In search of a European pedagogy
A number of university instructors have been on a hunt to determine the existence of a European pedagogy.
"It is the face-to-face meetings that are most rewarding," says Dr. Gunnlög Märak.
Dr. Märak is an instructor in the teacher education program at the Norrköping campus and one of several educationalists who took part in a newly evolved and advanced pedagogics program for experienced teachers. The program—organized by LiU—has the Swedish name "Pedagogisk spaning", roughly "Discover pedagogics". The program extends over one and a half years, and is composed of seminars. The first batch of ten teachers has just completed the program.
The subjects dealt with include inter-university competition for funds and students, educational quality and internationalization. The participants are encouraged to gain international perspectives by making a one- to two-week study trip to a foreign country.
Gunnlög Märak spent a week in Wales where she met with teachers and students and even participated in the teaching.
"The opportunity to interact in the educational setting gives a new perspective," she says.
Pia Forsberg, Professor in Infectious Medicine and instructor in the Medicine Program, was on a similar study trip in England where she visited a university with a medical faculty.
"At the university I visited, primary care clinics were deeply involved in the educational program," Dr. Forsberg says. "The educators want to invigorate the training routines of students by giving them clinical experience. I met many enthusiastic teachers and learned about concepts that we could profitably introduce in our own educational programs. I hope we will be able to invite some of them to be guest lecturers at LiU."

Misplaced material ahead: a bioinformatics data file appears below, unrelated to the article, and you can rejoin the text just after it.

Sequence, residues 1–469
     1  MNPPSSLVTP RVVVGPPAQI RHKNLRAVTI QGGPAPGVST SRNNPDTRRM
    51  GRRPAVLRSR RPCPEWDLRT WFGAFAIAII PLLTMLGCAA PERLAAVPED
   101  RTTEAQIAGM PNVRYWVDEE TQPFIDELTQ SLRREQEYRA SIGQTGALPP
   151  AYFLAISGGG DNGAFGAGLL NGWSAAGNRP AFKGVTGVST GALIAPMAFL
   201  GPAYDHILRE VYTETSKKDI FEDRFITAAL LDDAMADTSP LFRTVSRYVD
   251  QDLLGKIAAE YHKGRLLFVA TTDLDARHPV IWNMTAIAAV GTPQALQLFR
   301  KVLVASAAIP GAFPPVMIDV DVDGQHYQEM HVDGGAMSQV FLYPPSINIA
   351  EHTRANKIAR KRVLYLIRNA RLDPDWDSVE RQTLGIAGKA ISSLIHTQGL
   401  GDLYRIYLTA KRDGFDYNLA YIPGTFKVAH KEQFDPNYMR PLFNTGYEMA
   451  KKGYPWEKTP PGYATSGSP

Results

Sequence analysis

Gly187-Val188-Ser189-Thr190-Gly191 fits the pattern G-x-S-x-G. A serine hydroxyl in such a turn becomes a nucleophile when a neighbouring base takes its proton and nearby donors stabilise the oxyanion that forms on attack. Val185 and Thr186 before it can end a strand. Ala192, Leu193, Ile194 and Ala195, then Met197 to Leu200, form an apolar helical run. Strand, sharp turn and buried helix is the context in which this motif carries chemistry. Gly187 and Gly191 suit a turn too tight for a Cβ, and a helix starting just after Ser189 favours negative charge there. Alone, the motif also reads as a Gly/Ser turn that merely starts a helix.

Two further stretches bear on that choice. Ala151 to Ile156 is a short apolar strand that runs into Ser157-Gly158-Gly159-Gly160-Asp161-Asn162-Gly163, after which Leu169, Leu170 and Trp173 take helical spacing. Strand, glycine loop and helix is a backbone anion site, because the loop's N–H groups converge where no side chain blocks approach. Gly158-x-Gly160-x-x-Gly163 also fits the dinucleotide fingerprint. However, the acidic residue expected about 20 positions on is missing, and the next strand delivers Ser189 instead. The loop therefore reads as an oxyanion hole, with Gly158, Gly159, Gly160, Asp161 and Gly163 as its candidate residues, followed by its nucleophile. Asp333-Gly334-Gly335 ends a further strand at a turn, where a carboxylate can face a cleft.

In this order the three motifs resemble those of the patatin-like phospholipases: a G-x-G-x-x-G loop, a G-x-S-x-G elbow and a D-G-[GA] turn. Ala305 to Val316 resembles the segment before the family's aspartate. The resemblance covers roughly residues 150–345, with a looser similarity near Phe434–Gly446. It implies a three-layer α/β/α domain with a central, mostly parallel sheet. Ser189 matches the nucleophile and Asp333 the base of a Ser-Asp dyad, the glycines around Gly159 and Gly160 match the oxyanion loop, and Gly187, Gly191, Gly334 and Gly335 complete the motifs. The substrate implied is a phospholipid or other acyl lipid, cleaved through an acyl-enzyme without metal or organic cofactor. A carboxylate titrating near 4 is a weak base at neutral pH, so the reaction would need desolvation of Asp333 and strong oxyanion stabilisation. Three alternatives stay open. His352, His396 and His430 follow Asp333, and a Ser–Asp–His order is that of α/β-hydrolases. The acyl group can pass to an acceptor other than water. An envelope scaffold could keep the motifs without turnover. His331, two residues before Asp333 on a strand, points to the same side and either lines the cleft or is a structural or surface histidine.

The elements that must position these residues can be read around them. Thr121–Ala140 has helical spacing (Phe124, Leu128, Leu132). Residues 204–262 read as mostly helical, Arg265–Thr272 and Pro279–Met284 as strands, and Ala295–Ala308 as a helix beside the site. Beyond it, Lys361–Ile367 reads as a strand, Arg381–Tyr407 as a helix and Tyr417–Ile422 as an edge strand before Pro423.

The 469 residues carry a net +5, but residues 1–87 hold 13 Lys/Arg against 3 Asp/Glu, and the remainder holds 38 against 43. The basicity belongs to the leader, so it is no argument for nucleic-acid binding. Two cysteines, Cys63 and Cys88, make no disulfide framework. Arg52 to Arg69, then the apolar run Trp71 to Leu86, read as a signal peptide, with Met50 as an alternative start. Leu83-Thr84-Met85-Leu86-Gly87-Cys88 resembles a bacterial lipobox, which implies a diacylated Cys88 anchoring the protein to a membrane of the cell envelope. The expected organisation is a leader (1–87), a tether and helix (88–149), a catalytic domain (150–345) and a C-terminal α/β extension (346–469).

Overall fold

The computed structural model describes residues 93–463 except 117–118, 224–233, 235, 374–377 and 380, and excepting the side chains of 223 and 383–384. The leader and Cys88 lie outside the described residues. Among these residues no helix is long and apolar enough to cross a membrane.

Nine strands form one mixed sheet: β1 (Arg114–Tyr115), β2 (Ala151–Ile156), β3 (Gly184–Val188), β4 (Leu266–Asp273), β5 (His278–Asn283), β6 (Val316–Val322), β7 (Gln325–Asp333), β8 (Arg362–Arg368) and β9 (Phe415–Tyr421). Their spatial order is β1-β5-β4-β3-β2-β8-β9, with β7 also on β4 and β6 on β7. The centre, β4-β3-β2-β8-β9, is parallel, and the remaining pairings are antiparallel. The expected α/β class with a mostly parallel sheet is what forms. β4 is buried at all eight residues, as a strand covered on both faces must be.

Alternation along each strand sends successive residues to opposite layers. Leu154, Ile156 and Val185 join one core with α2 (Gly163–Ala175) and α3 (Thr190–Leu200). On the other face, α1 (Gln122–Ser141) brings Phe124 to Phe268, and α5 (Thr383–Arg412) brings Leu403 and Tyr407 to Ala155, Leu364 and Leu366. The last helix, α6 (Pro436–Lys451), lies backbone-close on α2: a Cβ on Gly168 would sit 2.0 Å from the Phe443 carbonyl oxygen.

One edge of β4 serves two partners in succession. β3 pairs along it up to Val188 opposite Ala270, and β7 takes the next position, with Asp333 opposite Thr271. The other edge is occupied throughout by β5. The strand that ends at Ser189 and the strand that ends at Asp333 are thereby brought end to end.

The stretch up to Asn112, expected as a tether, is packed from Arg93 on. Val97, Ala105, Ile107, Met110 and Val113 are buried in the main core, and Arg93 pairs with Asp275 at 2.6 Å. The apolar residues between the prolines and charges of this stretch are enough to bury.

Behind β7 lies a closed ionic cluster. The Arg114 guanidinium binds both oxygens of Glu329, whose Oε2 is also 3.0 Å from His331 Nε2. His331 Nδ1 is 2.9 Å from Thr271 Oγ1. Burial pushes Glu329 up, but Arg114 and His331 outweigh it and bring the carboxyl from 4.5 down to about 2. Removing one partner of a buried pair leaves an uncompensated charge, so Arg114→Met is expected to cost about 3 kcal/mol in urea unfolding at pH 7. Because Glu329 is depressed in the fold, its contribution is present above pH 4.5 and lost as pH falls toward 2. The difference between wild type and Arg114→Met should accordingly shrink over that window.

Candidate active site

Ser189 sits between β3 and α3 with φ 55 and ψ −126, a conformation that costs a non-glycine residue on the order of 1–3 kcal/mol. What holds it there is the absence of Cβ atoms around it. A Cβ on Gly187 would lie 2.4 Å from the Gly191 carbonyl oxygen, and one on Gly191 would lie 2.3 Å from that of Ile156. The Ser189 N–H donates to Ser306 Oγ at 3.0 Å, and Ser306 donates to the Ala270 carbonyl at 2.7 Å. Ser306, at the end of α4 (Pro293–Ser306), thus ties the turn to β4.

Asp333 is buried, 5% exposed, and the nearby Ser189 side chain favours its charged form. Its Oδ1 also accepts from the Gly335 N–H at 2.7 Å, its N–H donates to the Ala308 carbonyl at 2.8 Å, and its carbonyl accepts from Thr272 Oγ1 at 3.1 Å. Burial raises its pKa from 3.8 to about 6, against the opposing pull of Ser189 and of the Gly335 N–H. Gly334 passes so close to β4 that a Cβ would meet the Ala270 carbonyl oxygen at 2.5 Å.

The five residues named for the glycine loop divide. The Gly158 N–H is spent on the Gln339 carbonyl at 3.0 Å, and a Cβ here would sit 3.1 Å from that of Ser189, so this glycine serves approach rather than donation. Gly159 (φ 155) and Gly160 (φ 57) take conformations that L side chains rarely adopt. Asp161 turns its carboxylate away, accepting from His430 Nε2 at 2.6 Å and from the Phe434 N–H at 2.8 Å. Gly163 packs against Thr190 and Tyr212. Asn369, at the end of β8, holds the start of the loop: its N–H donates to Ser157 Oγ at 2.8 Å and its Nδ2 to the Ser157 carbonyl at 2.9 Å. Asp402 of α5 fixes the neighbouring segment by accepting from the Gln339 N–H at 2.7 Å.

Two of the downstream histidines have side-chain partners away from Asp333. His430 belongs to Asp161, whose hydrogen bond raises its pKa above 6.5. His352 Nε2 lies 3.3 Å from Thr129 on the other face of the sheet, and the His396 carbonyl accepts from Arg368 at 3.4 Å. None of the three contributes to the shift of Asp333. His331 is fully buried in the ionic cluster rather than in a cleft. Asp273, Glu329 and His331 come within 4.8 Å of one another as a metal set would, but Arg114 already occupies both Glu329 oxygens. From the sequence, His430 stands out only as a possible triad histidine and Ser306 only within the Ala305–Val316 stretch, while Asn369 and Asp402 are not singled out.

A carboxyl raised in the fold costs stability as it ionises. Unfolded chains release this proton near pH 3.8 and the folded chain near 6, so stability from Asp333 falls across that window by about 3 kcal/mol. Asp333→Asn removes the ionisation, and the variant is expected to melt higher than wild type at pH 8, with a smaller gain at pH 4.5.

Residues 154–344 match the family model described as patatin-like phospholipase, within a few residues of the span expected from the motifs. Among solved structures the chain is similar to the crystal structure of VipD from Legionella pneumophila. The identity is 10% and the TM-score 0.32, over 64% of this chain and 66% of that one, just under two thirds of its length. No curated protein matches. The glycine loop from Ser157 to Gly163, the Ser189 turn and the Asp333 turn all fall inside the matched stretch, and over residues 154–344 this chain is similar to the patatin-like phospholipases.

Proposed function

Susanne Kreitz-Sandberg has a PhD in pedagogics and teaches in LiUs teacher education program. She spent ten days at a German university with focus on integration of the Bologna directives into their earlier system.
"Their ways of introducing the Bologna directives differ from ours because we have other perspectives, other organizations and different points of departure in our thinking. It is inspiring to follow along in a new way of thinking and rewarding to forge professional links with our peers abroad," Susanne Kreitz-Sandberg explains.
"We must look beyond the horizon of our own workplace and discover how others deal with the day-to-day tasks. A change of environment stimulates to new ideas and reflections.
"Of course," she goes on, "one doesn't have to go abroad to do that, but a complete change of environment is an excellent opportunity to get jolted out of a mental rut."
A report from the Swedish National Agency for Higher Education indicates that teachers in Swedish universities need more international experience. This is important if the teachers are to influence students to study abroad and gain the necessary knowledge to compete on a global market.
All three of the interviewed LiU instructors agree, but point out that there are even greater benefits to be gained when international experience and knowledge permeates the entire university.
"Increased international mobility is, on the whole, a modern trend," says Gunnlög Märak.
The pedagogics course was developed and organized by LiUs own Center for Teaching and Learning, CUL. A new batch of students will enroll in the fall of 2008.
Last updated: 2009-06-03